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The selection of books discussed on the programme ranged from Indian cookery books of the 1950s (all filled with recipes and nutritional advice); to Mongolian practical guides on how to store blood for cooking; to Parsi cuisine and the contrast between advice in the ancient Zoroastrian Videvdad texts and an online book of Zoroastrian recipes for feasts, celebrations and religious ceremonies, entitle Eat, Live, Pray. This recent publication included a feature on wine, which reminded us that Shiraz is a city in southwest Persia, and the grape was exported from there to countries around the world. It also has a recipe for Chai Creme Brulee, stating that it is also known as ‘Trinity Cream’ or Cambridge Burnt Cream, after the college where it debuted – something we thought was well worth a mention!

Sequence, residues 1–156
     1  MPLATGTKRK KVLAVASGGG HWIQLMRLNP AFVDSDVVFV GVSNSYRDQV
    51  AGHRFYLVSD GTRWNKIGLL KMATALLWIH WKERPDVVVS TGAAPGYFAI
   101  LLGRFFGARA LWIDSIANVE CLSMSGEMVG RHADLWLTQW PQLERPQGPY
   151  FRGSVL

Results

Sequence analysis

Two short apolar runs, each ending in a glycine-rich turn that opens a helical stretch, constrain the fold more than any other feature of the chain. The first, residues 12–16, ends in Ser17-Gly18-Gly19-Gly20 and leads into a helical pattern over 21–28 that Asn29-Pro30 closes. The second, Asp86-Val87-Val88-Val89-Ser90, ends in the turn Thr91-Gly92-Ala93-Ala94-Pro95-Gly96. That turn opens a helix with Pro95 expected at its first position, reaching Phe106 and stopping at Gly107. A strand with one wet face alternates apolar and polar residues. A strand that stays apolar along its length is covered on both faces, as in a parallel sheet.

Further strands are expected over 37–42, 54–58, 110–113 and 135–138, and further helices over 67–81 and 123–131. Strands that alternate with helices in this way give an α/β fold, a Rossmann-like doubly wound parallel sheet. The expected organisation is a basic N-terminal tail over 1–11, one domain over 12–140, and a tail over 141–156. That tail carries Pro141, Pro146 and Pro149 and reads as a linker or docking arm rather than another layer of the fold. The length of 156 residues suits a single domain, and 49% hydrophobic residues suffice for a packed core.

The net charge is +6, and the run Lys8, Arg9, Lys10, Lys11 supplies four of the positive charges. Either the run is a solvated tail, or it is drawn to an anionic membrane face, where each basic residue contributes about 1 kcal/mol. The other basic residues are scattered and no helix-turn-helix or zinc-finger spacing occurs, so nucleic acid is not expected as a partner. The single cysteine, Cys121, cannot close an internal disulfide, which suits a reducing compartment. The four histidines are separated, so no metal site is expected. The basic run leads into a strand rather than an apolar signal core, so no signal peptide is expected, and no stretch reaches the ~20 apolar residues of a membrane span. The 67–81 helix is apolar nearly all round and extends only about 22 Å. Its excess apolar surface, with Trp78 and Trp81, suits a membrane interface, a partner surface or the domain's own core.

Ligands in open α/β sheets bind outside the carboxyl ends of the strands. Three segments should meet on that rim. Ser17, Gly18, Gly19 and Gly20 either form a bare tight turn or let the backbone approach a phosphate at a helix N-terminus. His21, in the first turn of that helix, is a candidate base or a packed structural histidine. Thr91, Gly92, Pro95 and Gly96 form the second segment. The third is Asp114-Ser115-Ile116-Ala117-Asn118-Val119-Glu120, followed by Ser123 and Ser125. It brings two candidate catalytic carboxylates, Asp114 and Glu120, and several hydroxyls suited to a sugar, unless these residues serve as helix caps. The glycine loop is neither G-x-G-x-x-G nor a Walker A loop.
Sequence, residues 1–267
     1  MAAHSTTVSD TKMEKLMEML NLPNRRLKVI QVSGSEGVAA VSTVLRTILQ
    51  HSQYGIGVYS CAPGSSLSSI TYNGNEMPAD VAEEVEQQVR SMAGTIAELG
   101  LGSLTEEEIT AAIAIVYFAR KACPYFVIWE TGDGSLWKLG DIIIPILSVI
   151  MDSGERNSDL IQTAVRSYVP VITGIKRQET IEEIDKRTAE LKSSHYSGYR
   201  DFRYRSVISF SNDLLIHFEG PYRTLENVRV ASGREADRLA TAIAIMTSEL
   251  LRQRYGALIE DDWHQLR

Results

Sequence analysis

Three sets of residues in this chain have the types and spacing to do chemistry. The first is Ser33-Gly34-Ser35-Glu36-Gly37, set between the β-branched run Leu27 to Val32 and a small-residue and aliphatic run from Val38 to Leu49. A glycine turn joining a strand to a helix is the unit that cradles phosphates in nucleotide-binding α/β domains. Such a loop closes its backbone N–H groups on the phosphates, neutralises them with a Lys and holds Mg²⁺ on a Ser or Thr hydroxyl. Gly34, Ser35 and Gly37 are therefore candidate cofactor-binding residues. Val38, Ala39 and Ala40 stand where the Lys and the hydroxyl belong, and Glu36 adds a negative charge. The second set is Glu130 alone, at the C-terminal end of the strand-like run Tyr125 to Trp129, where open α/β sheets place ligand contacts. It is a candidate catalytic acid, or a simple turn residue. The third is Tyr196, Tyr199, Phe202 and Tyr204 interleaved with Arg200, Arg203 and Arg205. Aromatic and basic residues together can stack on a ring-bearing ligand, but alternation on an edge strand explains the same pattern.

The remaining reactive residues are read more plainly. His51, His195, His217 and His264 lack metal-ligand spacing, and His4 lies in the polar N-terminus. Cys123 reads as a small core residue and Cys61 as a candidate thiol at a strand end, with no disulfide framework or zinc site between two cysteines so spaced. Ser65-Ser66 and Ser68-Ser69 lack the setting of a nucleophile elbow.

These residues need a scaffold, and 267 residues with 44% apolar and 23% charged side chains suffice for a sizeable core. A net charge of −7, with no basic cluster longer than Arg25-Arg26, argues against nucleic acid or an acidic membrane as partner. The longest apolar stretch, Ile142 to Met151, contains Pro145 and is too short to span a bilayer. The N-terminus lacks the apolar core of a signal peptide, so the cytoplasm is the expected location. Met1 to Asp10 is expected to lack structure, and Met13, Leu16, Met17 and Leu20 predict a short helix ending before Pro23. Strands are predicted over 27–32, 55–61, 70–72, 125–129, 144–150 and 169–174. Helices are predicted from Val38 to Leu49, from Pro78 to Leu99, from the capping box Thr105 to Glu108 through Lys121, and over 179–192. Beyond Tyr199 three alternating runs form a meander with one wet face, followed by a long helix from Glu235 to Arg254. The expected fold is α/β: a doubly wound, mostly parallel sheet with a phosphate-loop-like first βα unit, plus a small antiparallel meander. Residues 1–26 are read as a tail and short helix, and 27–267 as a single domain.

That the discoveries we made, whilst researching for this feature, were so diverse and not all scholarly in content highlights that when we accept collections of books into our library they can be eclectic and go well beyond the realm of the subject specialism, or that academic’s area of expertise.

For those of you who haven’t already tuned in to Flavour, it is aired fortnightly on Cambridge105 at 12pm and you can listen to a podcast of the edition that featured Alan’s conversation with our librarian, Jo Salisbury, which aired on Saturday 14th May.

Jo Salisbury

 

Donation for the Library Collection of Sir Roger Stevens

The Trust has recently received another generous donation to add to its collection of books on Iran, owned previously by Sir Roger Stevens (1906-1980), former British ambassador to Iran.